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The modern Chora of Fourni is pleasingly grouped in a theatre-shaped ring of hills, and occupies a small fertile plain watered by the confluence of several seasonal tor rents. It has two beautiful and memorable characteristics: the straight, marble-paved main street lined with mul berry trees which leads straight up from the port, and on which the evening volta takes place; and the charming main square to which it leads, shaded with planes and ringed round with kafeneia and several old, stone houses.
One corner of the square is dominated by a massive (lid less) ancient carved sarcophagus of the Roman period (1st century ad), of local marble, which was found on the edge of the town in the area of the Roman cemetery. Its sides are decorated with a design found widely in Asia Mi nor and which is generally typical of Ionian Greece and of Greek Egypt: the rings and pendants, which normally have the form of carved garlands of leaves with hanging bunches of grapes, are here completely undefined, so also the rosettes in the centre of the swags. This is not because the piece is unfinished (the surface would be rough if this were the case), but because such a stylised and reduced form of the traditional iconographic elements was fashionable in certain periods and situations, not least because it was a considerably less expensive solution. On the sarcophagus’s north side the inscribed epitaph is visible of ‘Epameinon, son of Telon and Philte’, who died at the age of 25. The inside shows clearly the chisel and running-drill marks left from the hollowing out of the block, instructive of the methods used by the stone-cutters for such a process. Across the square, is the main church of the is land, dedicated to Aghios Nikolaos; like nearly all of the other churches and most of the town, it was built within the last 70 years. A few decaying stone houses of an earlier epoch, however, still stand at the foot of the hill behind the plateia.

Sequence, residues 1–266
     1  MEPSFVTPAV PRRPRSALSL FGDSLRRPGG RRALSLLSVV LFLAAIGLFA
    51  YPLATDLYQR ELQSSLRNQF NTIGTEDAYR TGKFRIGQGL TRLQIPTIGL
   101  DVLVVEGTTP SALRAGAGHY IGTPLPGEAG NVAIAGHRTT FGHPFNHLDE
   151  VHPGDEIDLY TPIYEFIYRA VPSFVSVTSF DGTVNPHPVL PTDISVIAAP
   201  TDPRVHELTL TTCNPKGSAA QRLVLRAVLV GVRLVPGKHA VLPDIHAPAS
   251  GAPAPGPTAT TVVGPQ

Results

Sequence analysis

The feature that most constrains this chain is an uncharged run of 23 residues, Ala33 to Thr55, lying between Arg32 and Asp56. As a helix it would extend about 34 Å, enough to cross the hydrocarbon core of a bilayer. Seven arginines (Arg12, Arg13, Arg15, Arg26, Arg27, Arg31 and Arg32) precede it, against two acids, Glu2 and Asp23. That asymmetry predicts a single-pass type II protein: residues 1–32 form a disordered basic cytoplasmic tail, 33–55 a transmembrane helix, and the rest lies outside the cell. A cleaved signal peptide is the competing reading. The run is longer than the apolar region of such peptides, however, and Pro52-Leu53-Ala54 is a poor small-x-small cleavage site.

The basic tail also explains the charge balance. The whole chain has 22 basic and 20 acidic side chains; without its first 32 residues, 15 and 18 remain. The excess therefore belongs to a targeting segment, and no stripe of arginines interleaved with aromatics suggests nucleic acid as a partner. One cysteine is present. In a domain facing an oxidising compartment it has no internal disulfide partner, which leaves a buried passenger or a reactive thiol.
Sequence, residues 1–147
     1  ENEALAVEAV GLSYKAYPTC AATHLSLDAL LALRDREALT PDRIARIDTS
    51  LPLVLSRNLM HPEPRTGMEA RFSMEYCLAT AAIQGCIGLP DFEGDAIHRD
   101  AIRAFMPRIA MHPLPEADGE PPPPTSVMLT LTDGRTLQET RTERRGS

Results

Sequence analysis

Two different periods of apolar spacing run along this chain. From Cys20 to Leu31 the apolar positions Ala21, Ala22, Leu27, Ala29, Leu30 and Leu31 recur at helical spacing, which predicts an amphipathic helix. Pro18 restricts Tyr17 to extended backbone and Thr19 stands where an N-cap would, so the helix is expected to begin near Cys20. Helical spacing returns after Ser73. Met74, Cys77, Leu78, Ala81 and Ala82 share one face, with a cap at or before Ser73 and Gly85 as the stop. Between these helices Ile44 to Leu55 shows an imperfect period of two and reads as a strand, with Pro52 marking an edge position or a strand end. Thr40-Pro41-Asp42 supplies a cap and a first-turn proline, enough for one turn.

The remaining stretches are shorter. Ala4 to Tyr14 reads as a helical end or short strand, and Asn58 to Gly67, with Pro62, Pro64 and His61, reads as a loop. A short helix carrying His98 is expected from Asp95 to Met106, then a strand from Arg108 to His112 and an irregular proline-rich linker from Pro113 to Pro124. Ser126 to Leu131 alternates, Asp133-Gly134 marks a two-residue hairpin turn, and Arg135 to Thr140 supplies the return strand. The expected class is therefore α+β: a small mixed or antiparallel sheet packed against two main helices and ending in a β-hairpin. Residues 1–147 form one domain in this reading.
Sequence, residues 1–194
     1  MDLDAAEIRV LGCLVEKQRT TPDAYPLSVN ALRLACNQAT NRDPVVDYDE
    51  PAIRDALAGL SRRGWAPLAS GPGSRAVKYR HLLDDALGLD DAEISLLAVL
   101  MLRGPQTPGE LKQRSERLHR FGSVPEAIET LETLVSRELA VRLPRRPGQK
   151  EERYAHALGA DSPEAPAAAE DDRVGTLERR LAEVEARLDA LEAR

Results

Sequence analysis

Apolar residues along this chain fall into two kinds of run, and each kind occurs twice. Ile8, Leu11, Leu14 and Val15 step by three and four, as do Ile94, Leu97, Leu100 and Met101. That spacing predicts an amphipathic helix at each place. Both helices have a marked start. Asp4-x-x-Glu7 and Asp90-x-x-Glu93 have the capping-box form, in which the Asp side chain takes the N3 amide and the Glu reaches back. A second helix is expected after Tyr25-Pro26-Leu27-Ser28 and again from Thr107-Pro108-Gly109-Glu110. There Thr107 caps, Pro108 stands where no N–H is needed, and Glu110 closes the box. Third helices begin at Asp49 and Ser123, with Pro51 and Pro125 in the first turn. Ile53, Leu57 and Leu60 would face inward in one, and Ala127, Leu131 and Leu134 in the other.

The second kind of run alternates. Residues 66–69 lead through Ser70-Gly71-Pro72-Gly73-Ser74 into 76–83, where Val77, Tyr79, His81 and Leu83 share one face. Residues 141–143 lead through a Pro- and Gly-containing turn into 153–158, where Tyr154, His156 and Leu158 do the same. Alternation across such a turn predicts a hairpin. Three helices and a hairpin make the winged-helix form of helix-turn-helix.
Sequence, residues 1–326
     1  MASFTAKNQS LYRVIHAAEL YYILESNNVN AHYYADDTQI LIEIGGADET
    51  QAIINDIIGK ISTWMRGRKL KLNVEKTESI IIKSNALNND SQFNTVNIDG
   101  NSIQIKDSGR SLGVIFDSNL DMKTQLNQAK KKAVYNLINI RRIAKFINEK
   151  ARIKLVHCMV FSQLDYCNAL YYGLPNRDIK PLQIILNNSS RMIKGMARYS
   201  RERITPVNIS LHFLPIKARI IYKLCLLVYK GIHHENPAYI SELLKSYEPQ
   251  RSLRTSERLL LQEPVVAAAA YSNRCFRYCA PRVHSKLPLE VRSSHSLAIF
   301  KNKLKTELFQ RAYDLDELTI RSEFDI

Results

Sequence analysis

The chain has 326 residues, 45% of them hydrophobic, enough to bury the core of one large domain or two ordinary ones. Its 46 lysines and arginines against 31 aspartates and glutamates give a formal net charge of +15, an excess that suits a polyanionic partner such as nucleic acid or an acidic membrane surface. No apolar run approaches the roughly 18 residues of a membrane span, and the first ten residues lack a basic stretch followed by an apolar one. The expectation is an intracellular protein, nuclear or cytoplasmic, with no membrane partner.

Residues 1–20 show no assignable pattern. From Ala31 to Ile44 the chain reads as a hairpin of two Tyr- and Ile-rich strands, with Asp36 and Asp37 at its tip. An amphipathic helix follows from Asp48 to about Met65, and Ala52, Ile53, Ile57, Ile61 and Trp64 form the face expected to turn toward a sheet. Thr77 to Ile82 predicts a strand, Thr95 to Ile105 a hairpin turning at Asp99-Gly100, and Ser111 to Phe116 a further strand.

The chora of Fourni lies over the site of the ancient settlement, whose acropolis was above on the top of the sharp spur directly to the northeast. The points of great est historical interest are to be found on this ring of pro jecting summits above the town. They are best reached by taking the principal road (surfaced only for the first 2km) which leaves from the south, but circles round above the town before heading north. As the road at first climbs from the harbour to the south, it passes below the church and cemetery of Aghia Triada on the left. On the saddle above (1km) are four restored windmills, which mark the descent on the southern side into Kambi and its bay. Kambi is no more than a cluster of gardened houses, and a couple of seasonal tavernas beside an attractive and sheltered beach and harbour. At 1.7km is a junction: the road to the left heads north to Chrysomilia (15km), to the right it continues south to Aghios Ioannis Thermastis (6km).
Fourni Island is part of the Northern Aegean Island Group, Greece.